Lifesize App Redesign
About the Organization
Lifesize is a high definition video conferencing company that offers a unique integration of plug-and-play HD camera systems and HD phones with easy-to-use cloud-based conferencing software. They made a break from their twelve year history as a video conferencing hardware company to become a video calling software as service provider (who also offers high-end room system solutions) in 2015.
The first Lifesize Cloud apps could be generously described as an MVP to validate their new market strategy. There were some usability "band-aids" we were able to make to the existing apps, but lackluster customer adoption and complaints about the app being difficult to learn showed that more drastic changes were needed.
- Reorganize the app to make it friendlier for first-time and infrequent users
- Ensure current users are able to find existing features within the new design
- Focus on the ease of use for the two most frequent user scenarios of ad hoc video calls and scheduling calls for a later time
- Reduce friction for common actions like adding additional participants to a video call in progress
- Improve the consistency and quality of the visual aesthetic throughout the app
- Introduce new enhancements, including improved search capabilities and in-call moderator enhancements
- Identify areas where the experience of Web and desktop apps needed to differ from one another
- User Research
- Usability Testing
- Information Architecture
- Interaction Design
- Fast Iteration Management
- Design-To-Development Documentation
- Stakeholder Education
- Team Development
Just Enough Design Up Front
Rather than the waterfall-style Big Design Up Front (BDUF) that was requested, I proposed a path toward a more Agile “just enough design” approach. We used a highly iterative process to validate and lock on the high-level information architecture, app structure, UI patterns, and design direction.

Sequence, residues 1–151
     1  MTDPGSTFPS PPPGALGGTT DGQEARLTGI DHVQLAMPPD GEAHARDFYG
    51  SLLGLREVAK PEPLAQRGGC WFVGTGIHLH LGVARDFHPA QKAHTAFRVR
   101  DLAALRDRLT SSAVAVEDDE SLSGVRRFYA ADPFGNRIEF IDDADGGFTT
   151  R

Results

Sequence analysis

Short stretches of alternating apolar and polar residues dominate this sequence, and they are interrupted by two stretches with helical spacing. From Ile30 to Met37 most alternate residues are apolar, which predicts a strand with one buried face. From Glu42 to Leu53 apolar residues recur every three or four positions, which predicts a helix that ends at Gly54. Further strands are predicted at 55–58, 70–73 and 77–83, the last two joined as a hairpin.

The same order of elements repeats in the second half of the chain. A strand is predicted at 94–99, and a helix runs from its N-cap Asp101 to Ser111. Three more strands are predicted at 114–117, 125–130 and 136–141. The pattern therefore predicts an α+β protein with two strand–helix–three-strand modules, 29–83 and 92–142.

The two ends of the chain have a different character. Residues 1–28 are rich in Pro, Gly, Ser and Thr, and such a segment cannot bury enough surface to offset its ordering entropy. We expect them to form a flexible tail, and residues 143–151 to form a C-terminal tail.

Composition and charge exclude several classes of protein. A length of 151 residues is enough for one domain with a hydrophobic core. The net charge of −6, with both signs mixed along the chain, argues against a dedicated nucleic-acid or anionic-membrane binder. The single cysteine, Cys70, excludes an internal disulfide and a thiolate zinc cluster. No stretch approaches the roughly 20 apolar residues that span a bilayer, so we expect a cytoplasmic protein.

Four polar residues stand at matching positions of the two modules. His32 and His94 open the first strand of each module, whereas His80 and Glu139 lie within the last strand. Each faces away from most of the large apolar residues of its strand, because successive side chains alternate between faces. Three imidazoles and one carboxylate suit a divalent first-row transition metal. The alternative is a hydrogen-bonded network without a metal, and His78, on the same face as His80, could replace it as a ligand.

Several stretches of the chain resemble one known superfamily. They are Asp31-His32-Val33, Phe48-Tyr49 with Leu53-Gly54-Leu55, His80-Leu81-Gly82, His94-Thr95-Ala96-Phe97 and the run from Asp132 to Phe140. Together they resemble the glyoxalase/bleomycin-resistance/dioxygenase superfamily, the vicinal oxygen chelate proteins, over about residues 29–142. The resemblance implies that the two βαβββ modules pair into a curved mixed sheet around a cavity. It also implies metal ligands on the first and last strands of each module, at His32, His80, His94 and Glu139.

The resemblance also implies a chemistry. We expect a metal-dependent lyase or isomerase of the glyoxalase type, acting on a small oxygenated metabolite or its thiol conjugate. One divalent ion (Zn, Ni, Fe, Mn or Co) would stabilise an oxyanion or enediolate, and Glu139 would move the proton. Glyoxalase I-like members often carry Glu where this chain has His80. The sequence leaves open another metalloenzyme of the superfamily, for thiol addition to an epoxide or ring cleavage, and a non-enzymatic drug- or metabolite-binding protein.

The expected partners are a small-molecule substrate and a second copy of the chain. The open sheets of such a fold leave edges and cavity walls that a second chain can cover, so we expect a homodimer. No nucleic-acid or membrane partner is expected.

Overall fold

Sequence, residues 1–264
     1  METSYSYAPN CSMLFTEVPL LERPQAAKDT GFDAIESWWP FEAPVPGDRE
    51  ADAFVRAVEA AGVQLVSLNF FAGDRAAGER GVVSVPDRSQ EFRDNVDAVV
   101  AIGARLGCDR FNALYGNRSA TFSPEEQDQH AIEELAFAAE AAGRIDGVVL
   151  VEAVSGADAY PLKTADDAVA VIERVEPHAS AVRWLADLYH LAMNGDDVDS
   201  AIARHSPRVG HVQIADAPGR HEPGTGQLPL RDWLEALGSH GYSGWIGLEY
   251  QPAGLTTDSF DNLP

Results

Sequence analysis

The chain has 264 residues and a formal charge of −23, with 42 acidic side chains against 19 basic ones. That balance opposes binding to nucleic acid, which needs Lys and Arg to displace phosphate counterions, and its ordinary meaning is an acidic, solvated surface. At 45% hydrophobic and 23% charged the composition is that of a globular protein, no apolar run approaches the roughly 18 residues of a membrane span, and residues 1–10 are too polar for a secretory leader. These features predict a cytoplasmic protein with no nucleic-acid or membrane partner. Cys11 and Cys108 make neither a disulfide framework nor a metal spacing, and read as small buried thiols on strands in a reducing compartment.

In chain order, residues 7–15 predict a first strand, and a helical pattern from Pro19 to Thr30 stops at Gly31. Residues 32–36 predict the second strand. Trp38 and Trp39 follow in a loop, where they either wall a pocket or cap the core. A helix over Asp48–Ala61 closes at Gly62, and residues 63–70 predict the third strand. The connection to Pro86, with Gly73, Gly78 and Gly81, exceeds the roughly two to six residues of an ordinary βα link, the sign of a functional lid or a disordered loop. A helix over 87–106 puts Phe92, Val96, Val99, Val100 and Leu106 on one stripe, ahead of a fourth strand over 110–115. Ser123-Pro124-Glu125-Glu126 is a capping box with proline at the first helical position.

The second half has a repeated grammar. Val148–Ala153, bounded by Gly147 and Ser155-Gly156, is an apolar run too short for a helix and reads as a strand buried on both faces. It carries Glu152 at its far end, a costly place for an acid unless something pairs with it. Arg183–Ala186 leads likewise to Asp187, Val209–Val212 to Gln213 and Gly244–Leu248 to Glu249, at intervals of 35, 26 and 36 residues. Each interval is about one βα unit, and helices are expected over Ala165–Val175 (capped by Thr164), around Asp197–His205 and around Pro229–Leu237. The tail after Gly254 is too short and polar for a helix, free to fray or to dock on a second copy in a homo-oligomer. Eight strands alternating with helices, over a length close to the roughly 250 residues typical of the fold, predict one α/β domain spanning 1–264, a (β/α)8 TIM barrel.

Educating Stakeholders and the Team
During the course of the project's eight week timeline, I gave weekly status updates to the executive team. These presentations would include a brief overview of the exercises that were included in that week's activities. This helped the executive team appreciate what less familiar activities like card sorting and content inventories are, what they entail, the value we get from doing them, and how we use them in other activities later in the project. They not only enjoyed learning more about user experience design, but it helped the executive team appreciate the amount of research that shaped our design decisions.
This project work would be done by a team of myself and two entry-level UX Designers. Many times I would use the first draft of that week's executive briefing presentation as a starting point to teach them how to do the activity described.
Sprint Zero Planning
Once we had high-level pointing estimates from the engineering team, the order they planned to approach development, and sprint velocity we had what we needed to plan our time in the months ahead.
We collaborated with the product managers so that UX could work two to three two-week sprints ahead of engineering. This let us create the stories and specifications for the experience and UI design in time for engineering’s sprint grooming meetings, but be close enough to development time to respond to new discoveries, solutions, and technical challenges we couldn’t have predicted at the beginning of the project.
The project rivaled the NetSpend mobile app redesign on the focus and intensity, but I’m happy to say the UX team delivered on our initial two month deadline. The closed beta of redesigned Lifesize Web app launched at InfoComm 2017, barely a year after the beginning of the project. The desktop apps followed within the next few weeks.
Positive customer reactions (and some awards) started coming in before the new apps were in general audience beta release.